The fusion of hydrogen to helium by either the PP chain or the CNO cycle requires
temperatures of the order of 10,000,000 K or higher, since only at those
temperatures will there be enough hydrogen ions in the plasma with high enough
velocities to tunnel through the Coulomb barrier at sufficient rates.
The Mass-5 and Mass-8 Bottlenecks
that is produced as the "ash" in this thermonuclear "burning" cannot undergo fusion
reactions at these temperatures or even substantially above because of a basic fact
of nuclear physics in our Universe: there are no stable isotopes (of any element)
having atomic masses 5 or 8. This means that the two most likely initial steps for
the fusion of helium-4 (the next most abundant isotope in stars after hydrogen-1)
involve combining the He-4 with H-1 to form a mass-5 isotope, or combining
nuclei to form a mass-8 isotope. But both are unstable, and so immediately fly
apart before they can undergo any further reactions. This produces a bottleneck to
further fusion at mass 5 and at mass 8.
High Temperatures and Helium Fusion
Only at extremely high temperatures, of order 100 million K, can this bottleneck be
circumvented by a highly improbable reaction. At those temperatures, the fusion of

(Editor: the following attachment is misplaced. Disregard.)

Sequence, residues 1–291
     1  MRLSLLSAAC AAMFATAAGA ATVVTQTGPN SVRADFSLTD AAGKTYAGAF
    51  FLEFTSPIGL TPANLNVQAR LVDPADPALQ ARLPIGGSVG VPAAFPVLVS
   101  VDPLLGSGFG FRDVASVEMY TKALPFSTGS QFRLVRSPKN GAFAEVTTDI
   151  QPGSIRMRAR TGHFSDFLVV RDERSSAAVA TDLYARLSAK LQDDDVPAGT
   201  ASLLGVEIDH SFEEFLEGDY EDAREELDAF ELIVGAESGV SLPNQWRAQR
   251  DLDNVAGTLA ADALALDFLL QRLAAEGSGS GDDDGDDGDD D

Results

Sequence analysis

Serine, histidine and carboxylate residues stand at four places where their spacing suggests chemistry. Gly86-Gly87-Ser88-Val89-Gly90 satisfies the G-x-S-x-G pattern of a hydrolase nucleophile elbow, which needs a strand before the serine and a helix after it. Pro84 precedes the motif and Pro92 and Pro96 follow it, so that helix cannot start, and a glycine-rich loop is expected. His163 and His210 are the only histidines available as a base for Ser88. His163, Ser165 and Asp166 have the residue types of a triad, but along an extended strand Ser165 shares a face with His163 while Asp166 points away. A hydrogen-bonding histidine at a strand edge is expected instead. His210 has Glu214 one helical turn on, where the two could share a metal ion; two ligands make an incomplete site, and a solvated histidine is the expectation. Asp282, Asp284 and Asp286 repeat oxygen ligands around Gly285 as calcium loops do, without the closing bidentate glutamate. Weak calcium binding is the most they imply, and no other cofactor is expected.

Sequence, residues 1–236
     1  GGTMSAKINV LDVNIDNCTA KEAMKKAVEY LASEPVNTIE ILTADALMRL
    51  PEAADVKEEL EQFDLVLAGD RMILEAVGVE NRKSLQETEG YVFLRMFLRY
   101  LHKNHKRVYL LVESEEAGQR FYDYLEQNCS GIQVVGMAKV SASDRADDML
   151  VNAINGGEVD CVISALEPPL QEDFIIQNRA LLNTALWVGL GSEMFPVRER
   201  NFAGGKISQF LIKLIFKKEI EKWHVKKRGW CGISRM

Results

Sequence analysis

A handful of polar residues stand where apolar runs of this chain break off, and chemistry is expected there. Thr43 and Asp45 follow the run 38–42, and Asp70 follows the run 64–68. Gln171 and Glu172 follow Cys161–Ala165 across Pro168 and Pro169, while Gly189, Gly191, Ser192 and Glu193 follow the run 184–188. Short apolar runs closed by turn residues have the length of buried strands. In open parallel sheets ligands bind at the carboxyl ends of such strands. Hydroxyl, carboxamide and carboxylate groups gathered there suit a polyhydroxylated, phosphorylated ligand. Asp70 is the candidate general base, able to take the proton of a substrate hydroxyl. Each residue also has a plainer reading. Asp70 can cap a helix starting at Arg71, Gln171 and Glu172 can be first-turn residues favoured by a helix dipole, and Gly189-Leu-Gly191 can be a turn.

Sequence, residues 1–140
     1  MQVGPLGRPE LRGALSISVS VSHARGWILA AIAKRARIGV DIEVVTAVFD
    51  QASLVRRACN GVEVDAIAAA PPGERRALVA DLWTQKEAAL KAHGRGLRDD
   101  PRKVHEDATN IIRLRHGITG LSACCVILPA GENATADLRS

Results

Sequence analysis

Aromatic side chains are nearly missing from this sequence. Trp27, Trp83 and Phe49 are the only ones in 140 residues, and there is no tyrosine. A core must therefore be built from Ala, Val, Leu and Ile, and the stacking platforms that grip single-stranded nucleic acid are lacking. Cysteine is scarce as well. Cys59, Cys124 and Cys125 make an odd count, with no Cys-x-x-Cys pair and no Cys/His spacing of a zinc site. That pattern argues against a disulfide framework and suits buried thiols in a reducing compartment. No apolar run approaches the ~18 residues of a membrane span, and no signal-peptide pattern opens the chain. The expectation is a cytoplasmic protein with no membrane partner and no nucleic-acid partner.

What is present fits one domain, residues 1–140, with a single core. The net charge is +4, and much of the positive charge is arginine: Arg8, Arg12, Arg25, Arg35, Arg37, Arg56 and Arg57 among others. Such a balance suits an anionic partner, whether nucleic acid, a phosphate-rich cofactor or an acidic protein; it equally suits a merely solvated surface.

two He-4 nuclei forms highly unstable Beryllium-8
at a fast enough rate that
there is always a very
small equilibrium concentration of Be-8 at any one instant.
The situation is somewhat like running water through a sieve. Normally the sieve
holds no water because it drains out as fast as it is added. However, if the flow
of water into the sieve is made fast enough, a small equilibrium amount of water
will be in the sieve at any instant because even the sieve cannot empty the water
fast enough to keep up with the incoming water.
This small concentration of Be-8 can begin to undergo reactions with other He-4
nuclei to produce an excited state of the mass-12 isotope of Carbon. This excited
state is unstable, but a few of these excited
Carbon nuclei emit a gamma-ray quickly enough
to become stable before they disintegrate. This extremely improbable sequence is
called the triple-alpha process because the net effect is to combine 3
alpha particles (that is, 3 He-4 nuclei) to form a C-12 nucleus.
The triple-alpha process is not relevant in normal (main sequence) stars like the
temperatures are too low. However, in the red giant phase after many main
sequence stars (like the Sun)
have consumed their core hydrogen fuel the central temperatures rise
high enough to initiate the triple-alpha process and to fuse Helium into Carbon.
Further reactions can then convert some of this Carbon to Oxygen. Thus, much of
the energy for red giants will come from the fusion of Helium to Carbon and
Oxygen in their cores.